Greg Laswell Biography
While the San Diego-based singer-songwriter has long had the innate skills to captivate listeners with his music -- a soaring tenor and a flair for crafting sweeping melodies chief among them -- it took an abrupt transformation in his personal life to bring the raw emotion of Through Toledo's eleven songs to the surface.
"The songs on this album all came from a heartbreak," explains Laswell. "I was married, and my wife left suddenly, so I didn't see it coming. I don't have a clear recollection of writing some of the songs because they were really such a reaction, an automatic response to what happened. It's an album I never wanted to write, but I'm glad I did."
There's no escaping the directness and candor that permeates Through Toledo, but even more importantly, there's no denying the sonic sumptuousness that seeps from its grooves. At times (as on the stealthily building "Amazed"), Laswell conjures up a veritable rock orchestra to buoy his stiletto-sharp lyrical imagery, and at times (as on the stark "High and Low"), he uses little more than a spare, haunting piano line as accompaniment.
"The songs just had a way of working themselves out," he says. "The most important thing to me is communication -- that's the reason I do this. People can tell if something is real, or if it's fictional, and if it's real, it just flows."
Through Toledo's flow is all but inexorable, and despite its genesis in a specific point in Laswell's life, it does take off in a number of compellingly different directions. That's clear on "Same As You," a hypnotic mantra of sorts, as well as on the nostalgically uplifting opener "Sing, Theresa Says."
"That song was inspired by my grandmother, who passed away when I was 13," Laswell explains. "I used to get a huge kick out of her. One night I dreamed she came to me, and in the dream she said 'sing happy things.' When I woke up, I said 'I will,' but nothing worked. Instead, I thought I'd at least make a song sound happy."
Laswell grew up in Long Beach, but moved to his adopted hometown to attend college a few years back, majoring -- naturally enough -- in communications. He quickly became ensconced in the local scene, producing albums for a number of kindred spirits (several of which were released on his own Twenty Inch label) and fronting a series of bands that helped him hone his skills as a front man. While he spent years sticking to the party line that playing in a band was an all-for-one, one-for-all proposition, he came to the opposite conclusion a couple of years back.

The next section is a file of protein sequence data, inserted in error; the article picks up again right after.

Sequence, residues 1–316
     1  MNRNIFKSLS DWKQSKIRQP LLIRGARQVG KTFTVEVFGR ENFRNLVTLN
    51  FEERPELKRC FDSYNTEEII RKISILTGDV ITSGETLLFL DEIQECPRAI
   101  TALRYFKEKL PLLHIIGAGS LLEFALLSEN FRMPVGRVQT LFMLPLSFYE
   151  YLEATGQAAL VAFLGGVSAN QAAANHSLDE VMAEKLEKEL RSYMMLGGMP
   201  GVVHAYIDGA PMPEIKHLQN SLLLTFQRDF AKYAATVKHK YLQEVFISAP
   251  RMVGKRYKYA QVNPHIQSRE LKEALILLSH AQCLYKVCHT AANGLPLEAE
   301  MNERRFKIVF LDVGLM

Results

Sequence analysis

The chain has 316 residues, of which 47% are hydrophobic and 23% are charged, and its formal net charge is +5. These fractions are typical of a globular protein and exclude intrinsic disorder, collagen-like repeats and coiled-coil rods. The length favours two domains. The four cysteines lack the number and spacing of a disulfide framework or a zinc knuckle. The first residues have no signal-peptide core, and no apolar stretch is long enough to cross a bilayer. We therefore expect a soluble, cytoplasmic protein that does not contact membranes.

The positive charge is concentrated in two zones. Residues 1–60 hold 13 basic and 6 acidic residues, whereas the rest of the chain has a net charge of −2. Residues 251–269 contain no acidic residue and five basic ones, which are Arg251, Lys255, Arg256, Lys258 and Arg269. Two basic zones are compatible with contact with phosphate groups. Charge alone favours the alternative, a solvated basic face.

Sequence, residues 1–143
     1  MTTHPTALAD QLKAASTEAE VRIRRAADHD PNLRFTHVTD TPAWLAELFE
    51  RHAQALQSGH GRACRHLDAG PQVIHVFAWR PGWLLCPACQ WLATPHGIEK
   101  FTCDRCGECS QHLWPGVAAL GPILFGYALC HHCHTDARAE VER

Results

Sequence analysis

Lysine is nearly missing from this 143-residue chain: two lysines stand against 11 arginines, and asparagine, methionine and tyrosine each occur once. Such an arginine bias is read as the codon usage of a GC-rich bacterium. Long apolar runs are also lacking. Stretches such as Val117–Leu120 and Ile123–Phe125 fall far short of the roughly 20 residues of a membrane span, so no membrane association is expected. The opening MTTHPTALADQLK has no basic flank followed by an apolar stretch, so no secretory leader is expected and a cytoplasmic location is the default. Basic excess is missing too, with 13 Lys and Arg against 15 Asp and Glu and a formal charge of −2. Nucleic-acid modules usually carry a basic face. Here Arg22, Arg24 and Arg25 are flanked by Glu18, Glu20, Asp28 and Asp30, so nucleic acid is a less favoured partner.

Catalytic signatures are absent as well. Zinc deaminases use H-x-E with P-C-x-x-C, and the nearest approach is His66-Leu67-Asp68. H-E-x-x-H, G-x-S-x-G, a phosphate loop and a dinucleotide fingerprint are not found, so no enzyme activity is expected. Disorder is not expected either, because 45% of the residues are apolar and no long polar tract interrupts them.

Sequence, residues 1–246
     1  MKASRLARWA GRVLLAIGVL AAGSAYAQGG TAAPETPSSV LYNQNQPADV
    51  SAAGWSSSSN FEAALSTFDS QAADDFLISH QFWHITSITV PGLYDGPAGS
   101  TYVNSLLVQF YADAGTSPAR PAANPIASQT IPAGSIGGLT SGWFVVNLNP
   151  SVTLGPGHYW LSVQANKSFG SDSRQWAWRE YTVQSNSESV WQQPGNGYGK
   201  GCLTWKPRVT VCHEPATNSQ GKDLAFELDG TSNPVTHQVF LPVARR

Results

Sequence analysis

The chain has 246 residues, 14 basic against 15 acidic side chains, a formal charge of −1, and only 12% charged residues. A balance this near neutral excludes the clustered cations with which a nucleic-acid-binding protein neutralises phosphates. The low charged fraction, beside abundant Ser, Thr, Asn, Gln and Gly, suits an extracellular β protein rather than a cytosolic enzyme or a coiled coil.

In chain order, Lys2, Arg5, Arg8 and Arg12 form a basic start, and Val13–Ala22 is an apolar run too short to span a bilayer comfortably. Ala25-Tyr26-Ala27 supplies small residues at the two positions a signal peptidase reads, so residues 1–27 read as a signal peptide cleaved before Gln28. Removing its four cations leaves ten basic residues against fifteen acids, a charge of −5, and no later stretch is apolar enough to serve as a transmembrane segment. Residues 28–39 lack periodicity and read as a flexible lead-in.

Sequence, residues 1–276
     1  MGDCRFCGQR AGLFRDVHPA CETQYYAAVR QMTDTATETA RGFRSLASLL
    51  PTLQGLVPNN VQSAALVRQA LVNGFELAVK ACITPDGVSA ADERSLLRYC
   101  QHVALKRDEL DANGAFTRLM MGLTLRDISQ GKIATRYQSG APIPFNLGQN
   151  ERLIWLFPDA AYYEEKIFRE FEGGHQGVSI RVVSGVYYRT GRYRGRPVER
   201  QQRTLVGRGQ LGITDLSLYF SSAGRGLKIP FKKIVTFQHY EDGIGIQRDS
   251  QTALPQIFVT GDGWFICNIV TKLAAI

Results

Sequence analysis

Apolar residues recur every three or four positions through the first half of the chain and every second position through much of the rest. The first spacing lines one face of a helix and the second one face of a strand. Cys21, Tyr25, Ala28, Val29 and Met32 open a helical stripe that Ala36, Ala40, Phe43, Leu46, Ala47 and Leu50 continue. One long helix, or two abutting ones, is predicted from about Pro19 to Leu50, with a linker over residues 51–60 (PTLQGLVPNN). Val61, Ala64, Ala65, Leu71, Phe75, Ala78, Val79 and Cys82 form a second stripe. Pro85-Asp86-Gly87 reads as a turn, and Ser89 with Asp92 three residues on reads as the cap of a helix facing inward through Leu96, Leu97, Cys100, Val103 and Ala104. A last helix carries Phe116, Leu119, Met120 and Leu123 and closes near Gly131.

"Ultimately, I began to realize that I was a singer-songwriter with a bunch of people behind me," says Laswell. "I think that really came into focus when my last band went on a break. Once I got out on my own, playing solo, things opened up for me."
The reaction to his solo work was immediate. Laswell's first solo offering, Good Movie, earned raves from Southern California cognoscenti and regular folk alike -- the disc won a San Diego Music Award for "Best Local Album" -- and pushed thoughts of being a full-time studio rat to the back of his mind for good.
"In the past, I would write, then eventually start recording," says Laswell. "There was no separation this time because I wasn't really conscious of trying to get a particular sound, I was more interested in just getting things out of my system. I spent three months just doing that."
Working alone in the studio -- he plays virtually every note on the album himself -- Laswell nevertheless managed to capture an incredibly focused, cinematic set of sonics. From the woozy lilt of "Come Undone" (which recalls Jeff Buckley meeting Radiohead in an underground cabaret) to the misty shuffle of the title track, each song is stamped indelibly with an individual personality and sense of place -- giving Through Toledo the feel of a series of aural short films.
"I guess there are a lot of references to places on the album, but they're not all meant to be taken literally," says Laswell. "Through Toledo is all about that. It was inspired by two friends of mine who told me they were moving to Toledo even though they really loved living where they were because there were some great opportunities there. In order to get what they wanted, they had to go through Toledo -- and that made me stop and ask myself 'what's my Toledo?' I think I found the answer to that."
The answer -- and all the compelling questions that feed into it -- makes the trip Through Toledo a scenic one, even with the hairpin turns that line its path.